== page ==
Inclusion criteria were admission diagnosis of DKA based on ICD-9 codes 250.10, 250.11, 250.12, and 250.13. This was corroborated with hyperglycemia was defined as BG >200 mg/dL with metabolic acidosis was defined as bicarbonate <18 mmol/L and confirmed with an elevated anion gap of >12 mEq/l. Patients had to meet all the above criteria to be included in this study. Hypoglycemia defined as BG <70 mg/dL. Hypoglycemia was assessed during the active insulin infusion time period and for a period of time when the intravenous insulin orders were active. Hypoglycemic events after the discontinuation of intravenous insulin orders and the cessation of the drip were not included. Hypoglycemia events before the initiation and events that occurred during the hospitalization after the discontinuation of intravenous insulin were not included.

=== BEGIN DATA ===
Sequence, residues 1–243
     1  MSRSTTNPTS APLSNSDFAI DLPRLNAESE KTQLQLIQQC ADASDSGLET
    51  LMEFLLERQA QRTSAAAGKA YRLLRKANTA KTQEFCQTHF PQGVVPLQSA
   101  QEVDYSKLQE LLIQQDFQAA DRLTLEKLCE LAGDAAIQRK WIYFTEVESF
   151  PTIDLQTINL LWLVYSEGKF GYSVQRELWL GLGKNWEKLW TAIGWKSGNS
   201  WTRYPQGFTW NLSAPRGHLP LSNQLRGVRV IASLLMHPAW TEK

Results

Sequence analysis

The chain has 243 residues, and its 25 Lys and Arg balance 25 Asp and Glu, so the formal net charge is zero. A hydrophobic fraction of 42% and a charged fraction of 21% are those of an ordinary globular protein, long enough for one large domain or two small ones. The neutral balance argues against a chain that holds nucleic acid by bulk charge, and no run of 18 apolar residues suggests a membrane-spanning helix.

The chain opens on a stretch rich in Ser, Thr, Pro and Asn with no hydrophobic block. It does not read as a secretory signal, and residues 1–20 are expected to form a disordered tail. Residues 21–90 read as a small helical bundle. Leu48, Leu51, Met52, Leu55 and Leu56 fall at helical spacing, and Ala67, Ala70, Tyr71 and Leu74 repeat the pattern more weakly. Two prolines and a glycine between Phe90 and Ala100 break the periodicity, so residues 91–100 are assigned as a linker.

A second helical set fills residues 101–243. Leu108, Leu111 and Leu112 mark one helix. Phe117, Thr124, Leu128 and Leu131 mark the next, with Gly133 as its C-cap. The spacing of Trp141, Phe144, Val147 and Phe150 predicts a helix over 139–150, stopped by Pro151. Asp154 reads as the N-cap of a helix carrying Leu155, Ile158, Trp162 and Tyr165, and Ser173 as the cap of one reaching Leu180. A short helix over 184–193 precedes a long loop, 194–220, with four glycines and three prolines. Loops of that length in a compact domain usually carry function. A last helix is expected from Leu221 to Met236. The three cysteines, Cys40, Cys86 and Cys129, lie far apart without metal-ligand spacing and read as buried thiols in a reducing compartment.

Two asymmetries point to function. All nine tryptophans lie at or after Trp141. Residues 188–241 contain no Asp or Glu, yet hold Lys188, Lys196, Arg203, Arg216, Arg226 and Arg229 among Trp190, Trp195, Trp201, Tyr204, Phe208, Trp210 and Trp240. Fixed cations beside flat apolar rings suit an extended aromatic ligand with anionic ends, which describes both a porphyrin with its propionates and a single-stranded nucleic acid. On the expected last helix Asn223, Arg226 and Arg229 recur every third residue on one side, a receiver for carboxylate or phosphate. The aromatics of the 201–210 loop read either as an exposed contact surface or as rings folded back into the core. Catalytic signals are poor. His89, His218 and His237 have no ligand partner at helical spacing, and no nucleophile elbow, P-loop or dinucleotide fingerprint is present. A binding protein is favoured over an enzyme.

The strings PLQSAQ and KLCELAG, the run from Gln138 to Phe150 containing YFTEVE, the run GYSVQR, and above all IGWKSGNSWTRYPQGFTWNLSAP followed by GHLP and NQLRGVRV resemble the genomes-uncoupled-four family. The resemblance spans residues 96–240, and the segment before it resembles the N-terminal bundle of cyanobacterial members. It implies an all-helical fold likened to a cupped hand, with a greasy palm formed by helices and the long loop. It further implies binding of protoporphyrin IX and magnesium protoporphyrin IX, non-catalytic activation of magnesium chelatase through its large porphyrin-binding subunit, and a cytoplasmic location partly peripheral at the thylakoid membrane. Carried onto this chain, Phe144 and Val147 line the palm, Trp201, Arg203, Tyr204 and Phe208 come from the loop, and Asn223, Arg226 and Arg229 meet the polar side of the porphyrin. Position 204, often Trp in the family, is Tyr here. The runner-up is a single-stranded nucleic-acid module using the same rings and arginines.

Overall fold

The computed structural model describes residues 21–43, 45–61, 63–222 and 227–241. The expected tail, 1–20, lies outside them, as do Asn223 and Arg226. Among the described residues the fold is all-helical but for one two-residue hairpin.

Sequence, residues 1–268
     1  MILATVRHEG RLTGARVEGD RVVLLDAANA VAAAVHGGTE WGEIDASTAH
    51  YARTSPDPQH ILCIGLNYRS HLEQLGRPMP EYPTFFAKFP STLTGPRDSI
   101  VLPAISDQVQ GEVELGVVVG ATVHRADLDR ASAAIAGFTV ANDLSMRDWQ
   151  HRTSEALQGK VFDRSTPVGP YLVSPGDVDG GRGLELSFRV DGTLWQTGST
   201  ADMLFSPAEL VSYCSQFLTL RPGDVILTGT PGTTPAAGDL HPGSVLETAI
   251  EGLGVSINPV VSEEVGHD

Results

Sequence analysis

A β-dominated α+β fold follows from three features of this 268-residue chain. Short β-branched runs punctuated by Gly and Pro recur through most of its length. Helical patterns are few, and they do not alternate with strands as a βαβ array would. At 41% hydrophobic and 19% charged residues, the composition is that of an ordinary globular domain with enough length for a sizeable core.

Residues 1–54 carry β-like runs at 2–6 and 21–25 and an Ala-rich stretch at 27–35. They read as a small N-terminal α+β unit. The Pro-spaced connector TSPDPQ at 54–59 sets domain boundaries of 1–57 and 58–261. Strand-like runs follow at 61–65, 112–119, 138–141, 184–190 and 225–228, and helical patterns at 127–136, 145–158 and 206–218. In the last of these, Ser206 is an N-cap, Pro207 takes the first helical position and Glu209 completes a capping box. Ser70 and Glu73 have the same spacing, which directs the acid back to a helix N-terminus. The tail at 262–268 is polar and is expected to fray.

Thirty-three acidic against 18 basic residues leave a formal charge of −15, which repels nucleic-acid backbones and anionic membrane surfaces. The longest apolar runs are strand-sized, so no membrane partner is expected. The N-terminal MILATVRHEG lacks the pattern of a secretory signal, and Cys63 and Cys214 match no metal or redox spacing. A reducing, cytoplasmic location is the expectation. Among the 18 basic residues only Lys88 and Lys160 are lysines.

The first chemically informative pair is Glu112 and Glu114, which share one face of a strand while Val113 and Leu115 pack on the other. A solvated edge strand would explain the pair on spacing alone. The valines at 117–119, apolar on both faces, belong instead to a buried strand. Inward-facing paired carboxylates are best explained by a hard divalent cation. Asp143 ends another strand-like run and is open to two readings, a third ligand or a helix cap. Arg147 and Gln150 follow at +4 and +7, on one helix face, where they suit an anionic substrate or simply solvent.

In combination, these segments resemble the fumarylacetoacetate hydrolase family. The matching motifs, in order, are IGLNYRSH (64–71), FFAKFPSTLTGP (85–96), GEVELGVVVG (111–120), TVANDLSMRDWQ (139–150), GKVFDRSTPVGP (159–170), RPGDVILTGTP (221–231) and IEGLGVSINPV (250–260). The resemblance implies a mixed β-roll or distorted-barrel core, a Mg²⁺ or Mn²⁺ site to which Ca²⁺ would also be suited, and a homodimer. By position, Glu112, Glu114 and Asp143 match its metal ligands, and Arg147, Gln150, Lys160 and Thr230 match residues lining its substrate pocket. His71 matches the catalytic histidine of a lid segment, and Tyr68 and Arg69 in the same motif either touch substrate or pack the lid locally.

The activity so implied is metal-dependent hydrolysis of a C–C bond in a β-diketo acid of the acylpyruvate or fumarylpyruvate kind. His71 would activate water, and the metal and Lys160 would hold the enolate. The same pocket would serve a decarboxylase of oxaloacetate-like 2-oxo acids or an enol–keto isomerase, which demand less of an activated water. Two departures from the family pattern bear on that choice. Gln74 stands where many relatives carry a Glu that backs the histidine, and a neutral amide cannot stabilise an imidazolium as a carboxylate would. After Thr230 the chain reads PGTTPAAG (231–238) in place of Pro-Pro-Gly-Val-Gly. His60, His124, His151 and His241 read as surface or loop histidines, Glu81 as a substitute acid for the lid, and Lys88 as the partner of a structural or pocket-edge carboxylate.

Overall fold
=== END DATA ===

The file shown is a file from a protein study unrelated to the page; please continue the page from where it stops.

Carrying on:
In general, the target BG ranged from 100 mg/dL to 200 mg/dL but site-specific ranges were chosen by individual sites as directed by the order set and clinicians’ discretion based on the clinical picture. The specific targets have been described in the subsequent text. Patients with DKA were treated with continuous intravenous U-100 regular human insulin infusion through infusion pumps at the concentration of 1 unit per ml.
The goal of this study was to describe the time to resolution and glycemic control on patient receiving GM compared to conventional paper-based protocols with data collected retrospectively as an exploratory project.